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"Art Market Participants": what you need to know about changes to Anti-Money Laundering Regulations

Posted on 26 October 2020

Extension to deadline for registration

A five month extension has been granted to the time period that newly regulated Art Market Participants have to register with HMRC for anti-money laundering purposes. The deadline for registration is now 10 June 2021, instead of 10 January 2021.

The change came into force on 6 October 2020 and the objection period expired on 24 October 2020, meaning the extension will now remain in effect.

If an Art Market Participant fails to register by 10 June 2021, it must not carry on the defined activities within the scope of the regulations, as set out below.

What is an Art Market Participant?

An Art Market Participant is defined as a firm or sole practitioner who either:

  • by way of business trades in, or acts as an intermediary in, the sale or purchase of works of art, and the value of the transaction, or a series of linked transactions, amounts to €10,000 or more; or
  • is the operator of a freeport and stores works of art in that freeport where the value for a person (or a series of linked persons) is €10,000 or more.

This will catch many working directly within the art market, such as high value dealers and auction houses, and potentially other parties where they are acting as Art Market Participants, such as agents, intermediaries and some artists.

Anti-money laundering obligations and COVID-19

The extension to the registration requirement will be a relief to those Art Market Participants who are already finding it difficult to adapt to the current climate.

However, it is important to note that existing anti-money laundering obligations came into force on 10 January 2020. These require Art Market Participants to carry out due diligence on all customers in transactions or a series of linked transactions valued over €10,000, irrespective of their registered status, among other duties.

Non-compliance with these obligations may result in conviction, financial penalties, a custodial sentence and potential reputational damage. See a summary of the obligations and penalties applicable to Art Market Participants in our previous article here.

Of course, navigating these issues in light of the COVID-19 pandemic adds a further layer of complexity for those businesses accustomed to established ways of concluding deals and fostering relationships in person, whether it be in the auction room or at an exhibition or art fair. Those businesses may find it difficult to put the necessary infrastructures in place to comply with the rules, especially where those rules apply to the 'new normal' of online art sales.

Additional guidance

Guidelines have been published by the British Art Market Federation (BAMF) and approved by HM Treasury on 24 January 2020, which can be accessed here. The Responsible Art Market Initiative (RAM) have also published guidelines on combatting money laundering and terrorist financing, available here.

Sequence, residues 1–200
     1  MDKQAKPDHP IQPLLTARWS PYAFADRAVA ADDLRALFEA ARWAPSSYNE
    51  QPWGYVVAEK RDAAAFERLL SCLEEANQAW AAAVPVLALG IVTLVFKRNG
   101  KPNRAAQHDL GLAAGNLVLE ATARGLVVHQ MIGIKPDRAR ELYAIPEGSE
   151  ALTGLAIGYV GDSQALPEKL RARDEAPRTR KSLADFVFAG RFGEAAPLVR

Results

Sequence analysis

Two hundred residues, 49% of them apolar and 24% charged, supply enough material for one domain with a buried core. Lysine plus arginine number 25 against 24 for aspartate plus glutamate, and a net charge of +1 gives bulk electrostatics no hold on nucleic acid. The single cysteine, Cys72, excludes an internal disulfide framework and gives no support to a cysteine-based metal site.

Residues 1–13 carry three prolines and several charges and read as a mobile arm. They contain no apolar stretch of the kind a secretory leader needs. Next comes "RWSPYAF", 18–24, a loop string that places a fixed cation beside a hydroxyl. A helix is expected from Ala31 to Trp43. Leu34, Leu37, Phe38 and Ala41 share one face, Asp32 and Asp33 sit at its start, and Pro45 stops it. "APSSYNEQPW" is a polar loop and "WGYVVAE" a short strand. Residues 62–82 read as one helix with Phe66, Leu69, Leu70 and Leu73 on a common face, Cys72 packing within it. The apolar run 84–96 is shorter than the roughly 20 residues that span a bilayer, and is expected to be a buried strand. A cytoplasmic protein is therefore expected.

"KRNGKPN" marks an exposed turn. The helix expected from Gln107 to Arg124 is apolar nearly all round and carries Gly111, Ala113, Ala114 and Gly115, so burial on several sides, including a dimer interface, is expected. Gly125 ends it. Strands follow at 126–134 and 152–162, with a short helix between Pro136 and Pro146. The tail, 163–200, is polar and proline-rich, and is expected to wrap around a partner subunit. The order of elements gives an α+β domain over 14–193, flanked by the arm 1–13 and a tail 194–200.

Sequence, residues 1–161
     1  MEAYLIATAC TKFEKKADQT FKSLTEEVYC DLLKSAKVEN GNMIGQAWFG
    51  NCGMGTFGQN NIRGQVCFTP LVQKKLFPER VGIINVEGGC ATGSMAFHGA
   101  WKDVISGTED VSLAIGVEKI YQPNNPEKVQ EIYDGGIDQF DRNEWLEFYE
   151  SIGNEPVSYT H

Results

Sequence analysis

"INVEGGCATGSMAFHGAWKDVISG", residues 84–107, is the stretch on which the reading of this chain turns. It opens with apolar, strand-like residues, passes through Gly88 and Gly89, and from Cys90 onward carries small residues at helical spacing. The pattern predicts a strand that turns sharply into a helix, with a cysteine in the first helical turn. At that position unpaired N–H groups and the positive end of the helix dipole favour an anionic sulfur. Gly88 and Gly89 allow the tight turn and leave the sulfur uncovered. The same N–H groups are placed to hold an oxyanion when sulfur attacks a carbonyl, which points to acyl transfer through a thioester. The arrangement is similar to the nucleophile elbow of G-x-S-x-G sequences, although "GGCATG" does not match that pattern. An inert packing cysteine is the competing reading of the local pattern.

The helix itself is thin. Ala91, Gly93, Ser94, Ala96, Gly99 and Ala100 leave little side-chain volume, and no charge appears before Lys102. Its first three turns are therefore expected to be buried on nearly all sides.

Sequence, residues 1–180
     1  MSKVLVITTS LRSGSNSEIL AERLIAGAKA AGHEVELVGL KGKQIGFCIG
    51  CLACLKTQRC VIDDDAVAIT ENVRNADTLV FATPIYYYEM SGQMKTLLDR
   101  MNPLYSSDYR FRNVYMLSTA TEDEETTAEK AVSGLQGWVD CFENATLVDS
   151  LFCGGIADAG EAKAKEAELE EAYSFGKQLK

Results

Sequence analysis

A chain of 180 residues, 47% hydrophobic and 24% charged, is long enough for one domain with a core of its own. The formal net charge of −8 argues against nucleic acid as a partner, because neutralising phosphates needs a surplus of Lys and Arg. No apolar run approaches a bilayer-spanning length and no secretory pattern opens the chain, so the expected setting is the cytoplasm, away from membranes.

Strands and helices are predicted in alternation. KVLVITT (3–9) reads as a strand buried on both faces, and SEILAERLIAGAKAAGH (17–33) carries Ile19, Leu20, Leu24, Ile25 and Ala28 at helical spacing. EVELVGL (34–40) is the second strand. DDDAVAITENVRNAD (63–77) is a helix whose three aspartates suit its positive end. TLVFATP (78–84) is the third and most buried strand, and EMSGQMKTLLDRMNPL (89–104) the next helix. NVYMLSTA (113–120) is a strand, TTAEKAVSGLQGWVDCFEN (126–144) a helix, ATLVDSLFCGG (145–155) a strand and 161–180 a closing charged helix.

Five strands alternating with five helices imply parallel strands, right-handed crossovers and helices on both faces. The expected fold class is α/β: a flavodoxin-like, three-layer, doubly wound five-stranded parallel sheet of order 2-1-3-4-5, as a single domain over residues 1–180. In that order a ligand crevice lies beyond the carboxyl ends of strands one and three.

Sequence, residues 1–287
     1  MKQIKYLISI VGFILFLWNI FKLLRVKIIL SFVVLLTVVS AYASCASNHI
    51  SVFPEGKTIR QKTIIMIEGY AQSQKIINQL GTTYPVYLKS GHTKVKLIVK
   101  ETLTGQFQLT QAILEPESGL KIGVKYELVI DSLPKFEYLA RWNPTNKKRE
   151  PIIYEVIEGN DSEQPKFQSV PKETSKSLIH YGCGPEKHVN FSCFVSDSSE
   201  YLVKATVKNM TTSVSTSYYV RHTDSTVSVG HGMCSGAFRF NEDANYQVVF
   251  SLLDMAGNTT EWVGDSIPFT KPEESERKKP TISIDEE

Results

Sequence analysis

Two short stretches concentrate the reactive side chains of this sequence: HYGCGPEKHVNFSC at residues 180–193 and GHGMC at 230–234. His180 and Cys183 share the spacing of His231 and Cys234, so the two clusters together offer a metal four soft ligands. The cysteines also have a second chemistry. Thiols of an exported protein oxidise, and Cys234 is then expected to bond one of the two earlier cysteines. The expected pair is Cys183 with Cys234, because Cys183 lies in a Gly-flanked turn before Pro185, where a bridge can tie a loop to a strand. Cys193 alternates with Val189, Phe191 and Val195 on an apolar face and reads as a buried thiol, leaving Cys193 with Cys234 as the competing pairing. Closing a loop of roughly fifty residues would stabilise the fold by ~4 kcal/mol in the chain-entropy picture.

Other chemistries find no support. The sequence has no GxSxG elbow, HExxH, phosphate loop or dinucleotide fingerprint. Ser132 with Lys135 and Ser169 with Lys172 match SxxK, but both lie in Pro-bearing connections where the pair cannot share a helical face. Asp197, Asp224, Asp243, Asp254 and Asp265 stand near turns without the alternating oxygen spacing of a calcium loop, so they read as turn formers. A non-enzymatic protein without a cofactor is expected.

For further detail, the relevant legislation is Parts 1 to 3 of The Money Laundering and Terrorist Financing (Amendment) (EU Exit) Regulations 2020, which amends the Money Laundering, Terrorist Financing and Transfer of Funds (Information on the Payer) Regulations 2017.

Economic crime levy

An economic crime levy to fund the Government's new action to tackle money laundering is currently being considered. This was proposed in the March 2020 Budget. The latest consultation ended on 14 October 2020 and further details can be found here.

In summary, the levy aims to raise approximately £100 million per year from entities regulated for anti-money laundering purposes, which is most likely to catch Art Market Participants. The Government is currently analysing the feedback from the consultation before further announcements are made.

Further requirements for trusts

There will be further anti-money laundering targeted changes, focused on enhanced powers for direct access to information and increased transparency around beneficial ownership information. These include:

  • the widening of the scope of trusts required to register, to include all UK express trusts, including those with no tax consequences;
  • when entering into a new business relationship with a trust that is required to register under the above requirements, obliged entities will be required to collect proof of registration (10 March 2022); and
  • there will be a duty to inform the Commissioner of any discrepancies in trust information (10 March 2022).

The above requirements will be relevant to the beneficial owners of art collections and other types of cultural property assets that are held in trust structures. It is also important for trustees to be aware of their registration requirements and for businesses in the art sector who transact with trustees to collect proof of registration, when required.

For advice in tackling these issues and to understand how it will affect your business, trust or for other art related matters, please contact Amanda Gray or Daniel Foley.

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